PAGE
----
34,000 New Residents in Lake George
For the ninth year in a row LGFA Vice President Barry Leeds led the group of volunteers who donated their time and boats to the effort. Prior to receiving help from the LGFA the DEC off-loaded the fish only at the DEC dock in Bolton Landing and at the Hague Town Dock in the northern basin.
Initially Leeds and his cohorts felt the fingerlings had a better chance of survival in deep water. This year, with DEC approval, the group implemented a new strategy. “In the Bolton area we are stocking them near the major inlets to the lake…Finkle Brook, Indian Brook, Northwest Bay Brook and Huddle Brook,” Leeds said. Volunteers also stocked fish along the east and west shore in the Narrows.
At 10 am on Monday, May 20 two huge trucks, each equipped with six 230-gallon tanks, arrived from the Adirondack Hatchery in Lake Clear laden with the Little Clear strain of Atlantic Landlocked Salmon. DEC employee Ken Klubek said, “They come about eight to the pound” as he hauled a net full of thrashing fish to Leeds’ boat. “Each tank has about 160 pounds of fish.”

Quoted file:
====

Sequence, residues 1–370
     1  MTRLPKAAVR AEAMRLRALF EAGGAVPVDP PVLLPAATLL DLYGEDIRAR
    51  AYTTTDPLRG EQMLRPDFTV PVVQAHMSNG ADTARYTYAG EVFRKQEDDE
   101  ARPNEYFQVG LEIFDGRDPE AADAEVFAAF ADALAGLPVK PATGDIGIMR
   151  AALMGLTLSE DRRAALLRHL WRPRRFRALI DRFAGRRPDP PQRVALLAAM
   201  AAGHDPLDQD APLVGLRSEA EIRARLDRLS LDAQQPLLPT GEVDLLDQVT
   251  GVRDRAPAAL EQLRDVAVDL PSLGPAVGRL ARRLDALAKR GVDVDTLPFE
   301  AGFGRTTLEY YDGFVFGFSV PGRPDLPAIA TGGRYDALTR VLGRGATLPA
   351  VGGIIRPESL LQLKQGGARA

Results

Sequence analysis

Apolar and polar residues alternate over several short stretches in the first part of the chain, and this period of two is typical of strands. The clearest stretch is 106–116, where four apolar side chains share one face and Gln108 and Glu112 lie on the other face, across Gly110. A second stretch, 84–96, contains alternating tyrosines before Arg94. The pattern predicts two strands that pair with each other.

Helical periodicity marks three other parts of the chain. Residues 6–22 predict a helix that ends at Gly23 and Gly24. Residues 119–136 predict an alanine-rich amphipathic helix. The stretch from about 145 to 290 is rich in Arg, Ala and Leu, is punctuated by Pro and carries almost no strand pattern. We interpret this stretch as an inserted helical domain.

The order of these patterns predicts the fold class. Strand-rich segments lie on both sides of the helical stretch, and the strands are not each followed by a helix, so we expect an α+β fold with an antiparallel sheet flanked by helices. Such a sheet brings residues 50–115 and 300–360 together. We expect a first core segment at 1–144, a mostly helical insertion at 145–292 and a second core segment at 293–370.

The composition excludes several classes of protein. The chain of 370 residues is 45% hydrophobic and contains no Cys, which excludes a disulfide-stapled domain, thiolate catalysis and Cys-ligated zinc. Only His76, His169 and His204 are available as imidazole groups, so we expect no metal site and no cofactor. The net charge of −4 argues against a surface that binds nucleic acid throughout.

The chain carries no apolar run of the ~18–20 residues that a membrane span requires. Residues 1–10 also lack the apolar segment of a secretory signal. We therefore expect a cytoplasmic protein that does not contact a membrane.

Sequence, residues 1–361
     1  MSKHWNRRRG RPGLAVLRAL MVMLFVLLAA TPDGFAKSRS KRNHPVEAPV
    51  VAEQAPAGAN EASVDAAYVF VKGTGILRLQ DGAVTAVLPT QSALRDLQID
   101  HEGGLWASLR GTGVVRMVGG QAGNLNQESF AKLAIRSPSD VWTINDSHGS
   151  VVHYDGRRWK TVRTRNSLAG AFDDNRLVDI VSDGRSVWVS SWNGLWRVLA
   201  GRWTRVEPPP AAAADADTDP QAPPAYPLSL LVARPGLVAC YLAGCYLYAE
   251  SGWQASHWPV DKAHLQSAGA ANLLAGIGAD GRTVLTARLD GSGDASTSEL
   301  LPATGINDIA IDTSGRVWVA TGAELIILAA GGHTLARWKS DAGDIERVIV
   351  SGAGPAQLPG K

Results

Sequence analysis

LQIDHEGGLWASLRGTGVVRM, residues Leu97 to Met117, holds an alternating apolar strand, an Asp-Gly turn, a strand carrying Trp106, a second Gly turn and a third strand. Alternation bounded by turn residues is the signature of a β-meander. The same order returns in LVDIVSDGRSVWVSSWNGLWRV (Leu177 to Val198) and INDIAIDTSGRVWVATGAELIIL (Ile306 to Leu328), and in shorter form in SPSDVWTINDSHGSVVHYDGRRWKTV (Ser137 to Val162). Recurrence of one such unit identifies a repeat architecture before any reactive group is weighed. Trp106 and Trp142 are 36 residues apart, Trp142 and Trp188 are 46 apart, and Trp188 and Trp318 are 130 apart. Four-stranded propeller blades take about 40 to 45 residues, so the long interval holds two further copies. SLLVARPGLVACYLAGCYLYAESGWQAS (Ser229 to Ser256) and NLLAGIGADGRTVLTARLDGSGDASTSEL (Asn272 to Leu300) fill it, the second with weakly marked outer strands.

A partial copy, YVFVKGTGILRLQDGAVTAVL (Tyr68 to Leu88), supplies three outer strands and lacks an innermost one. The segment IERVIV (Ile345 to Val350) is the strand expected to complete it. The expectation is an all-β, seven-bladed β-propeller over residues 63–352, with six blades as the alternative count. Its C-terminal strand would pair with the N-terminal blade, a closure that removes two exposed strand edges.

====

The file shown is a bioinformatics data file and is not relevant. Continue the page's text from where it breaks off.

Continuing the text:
DEC Biologist Jim Pinheiro said the handling of the fish (in the nets) causes the most stress to the juveniles. “But, a low number die from the stress,” he said. “Most fingerlings die from predation by other larger fish.”
Pinheiro said the survival rate is low but it is worth the effort. “Salmon is a good fighting fish for the sportsmen and it is a good eating fish, too,” he said. “They are fast growing and they become trophy-sized in two to three years.”
Pinheiro said the DEC Adirondack Hatchery supplies the Warren County Hatchery with 3,000 fingerlings which they nurture until the fall. “They clip the fins on those fish before they are released so that they can be tracked,” he said.
Pinheiro said the salmon are ideal for stocking in Lake George. “One to 1.25 is the ratio per acre so that is how we arrive at the number of fish we put into Lake George,” he said. According to Pinheiro, if DEC were to stock the lake with brown trout then it would require six to eight fish per acre. “We would deplete the entire Region 5 supply of brown trout if we were to stock Lake George with browns,” he said.
Pinheiro said Lake George’s size and excellent water quality make it unique and therefore a good candidate for salmon stocking. “For example, Lake Lauderdale is a nice lake but it has water quality issues which would hinder the survival rate of salmon or trout fingerlings,” he said. “Lake George, on the other hand, is perfect for these fish.”
“They’re all swimming away,” Leeds yelled from his boat as he returned to the DEC dock for another load of fish. “It’s going really well this year.”